Thursday, November 24, 2005

Recently Read: Funny Money by Mark Singer

I realized I was becoming a New Yorker type recently, so I subscribed to the magazine. (Still not sure if that's good or bad; am I becoming one of those snooty intellectuals?)

What I mean by New Yorker type is that I found I was reading a lot of New Yorker writers, and looking for more. It probably started with the great classic humorists - Perelman, Benchley and Thurber - who I've been reading for about a decade now. I also discovered Calvin Trillin in the early '90s, and have now found (and read) nearly all of his books. And then I drifted into reportage, and eventually found Mark Singer. (Not fiction, though - I've been getting the New Yorker for three or four months now, and haven't read a single piece of fiction in it yet. But there is a Haruki Murakami piece in the issue I'm working through now, so that streak will soon be broken.)

I read Singer's Mr. Personality a few months back; that's a collection of profiles from the New Yorker, and I enjoyed it a lot. Singer was good at showing interesting people in the context of their lives, and his writing was lively and engrossing. So, the next time I was at my favorite bookstore (Montclair Book Center of Montclair New Jersey, plug plug), I grabbed a copy of Singer's first book.

And I just finished it on Tuesday; it took quite a bit longer than I expected (for reasons that I think will be clear over the next few paragraphs). Funny Money is the story of an Oklahoma City bank that went bust in 1984; the book was published in 1985, so there's very little about the aftermath and a lot about what happened before. I didn't enjoy this one all that much, I'm sorry to say. (In fact, I got awfully sleepy reading it several times, but that's happening a lot lately, so it might not be the book's fault.)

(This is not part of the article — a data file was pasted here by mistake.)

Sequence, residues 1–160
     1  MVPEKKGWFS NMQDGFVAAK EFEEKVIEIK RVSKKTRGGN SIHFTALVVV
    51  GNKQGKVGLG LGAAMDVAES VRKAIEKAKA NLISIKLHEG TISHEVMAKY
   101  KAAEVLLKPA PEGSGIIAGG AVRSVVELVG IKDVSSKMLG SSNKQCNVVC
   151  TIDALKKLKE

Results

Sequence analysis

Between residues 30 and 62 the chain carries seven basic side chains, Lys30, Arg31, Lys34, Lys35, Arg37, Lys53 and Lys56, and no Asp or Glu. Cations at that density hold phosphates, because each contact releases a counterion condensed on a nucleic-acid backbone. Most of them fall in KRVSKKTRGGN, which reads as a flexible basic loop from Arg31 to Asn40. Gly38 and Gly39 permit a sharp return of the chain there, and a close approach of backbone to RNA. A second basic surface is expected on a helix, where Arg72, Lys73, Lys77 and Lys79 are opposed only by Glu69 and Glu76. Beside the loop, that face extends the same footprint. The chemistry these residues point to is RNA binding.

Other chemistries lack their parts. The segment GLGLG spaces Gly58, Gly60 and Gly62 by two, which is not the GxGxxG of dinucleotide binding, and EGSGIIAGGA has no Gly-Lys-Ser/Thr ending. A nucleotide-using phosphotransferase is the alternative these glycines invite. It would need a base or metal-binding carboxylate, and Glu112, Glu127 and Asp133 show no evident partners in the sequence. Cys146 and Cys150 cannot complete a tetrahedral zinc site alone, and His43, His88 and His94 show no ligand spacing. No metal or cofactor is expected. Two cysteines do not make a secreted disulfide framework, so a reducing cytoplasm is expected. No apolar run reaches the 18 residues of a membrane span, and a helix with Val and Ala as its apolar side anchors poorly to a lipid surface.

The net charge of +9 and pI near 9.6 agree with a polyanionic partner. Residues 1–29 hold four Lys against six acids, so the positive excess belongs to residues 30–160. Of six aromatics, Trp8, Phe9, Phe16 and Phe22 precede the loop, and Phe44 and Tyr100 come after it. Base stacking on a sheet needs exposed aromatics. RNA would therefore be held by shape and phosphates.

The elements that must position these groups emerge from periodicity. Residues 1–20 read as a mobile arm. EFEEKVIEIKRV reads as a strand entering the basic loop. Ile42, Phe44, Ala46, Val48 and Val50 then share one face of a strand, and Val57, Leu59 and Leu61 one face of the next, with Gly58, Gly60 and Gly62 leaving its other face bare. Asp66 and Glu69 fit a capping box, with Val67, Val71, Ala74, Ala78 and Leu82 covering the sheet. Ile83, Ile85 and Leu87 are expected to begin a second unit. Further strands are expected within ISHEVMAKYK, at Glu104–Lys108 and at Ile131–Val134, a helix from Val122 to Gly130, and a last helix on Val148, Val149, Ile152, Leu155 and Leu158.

Singer doesn't develop a strong storyline; I suspect that he's from the school of reportage that doesn't want to impose a story on events, but tells them as they happened. That's fine when there already is a story, but in something as amorphous as a bank failure, he ends up with a lot of sidebar and no center. This book then tends to sprawl, even though it's only 222 pages long.

Singer also spends a lot of time sketching various characters involved in the crash, but I couldn't tell them apart. They're all larger-than-life oil folks, described in similar terms; Singer does give a lot of physical details (this guy's tall, that one chews tobacco, and so on), but I'm not a visual reader, so none of that helped. They all seemed, more or less, to be the same guy, so their interlocking financial shenanigans were not terribly engrossing. This was quite disappointing after Mr. Personality, where all of the people profiled were well-defined and different from each other.

Another problem with Funny Money, in hindsight, is that there have been many much larger bank failures before, and, especially, since. If he'd done a bit more analysis and less I-went-here-and-talked-to-this-guy reportage, this book might have been an interesting prelude to the savings and loan crisis just a few years later (or a more general meditation on the interface between energy and money). As it is, though, it's very specific and particular, and never draws larger conclusions.

I was hoping this book would give me a little background on the intersection of high finance and "th' awl bidness," and it did, a little. But it's a book of its time and place (late '70s and early '80s Oklahoma City) rather than a book for the ages, and so will be primarily of interest these days only to people who care about that time and place. And I don't.

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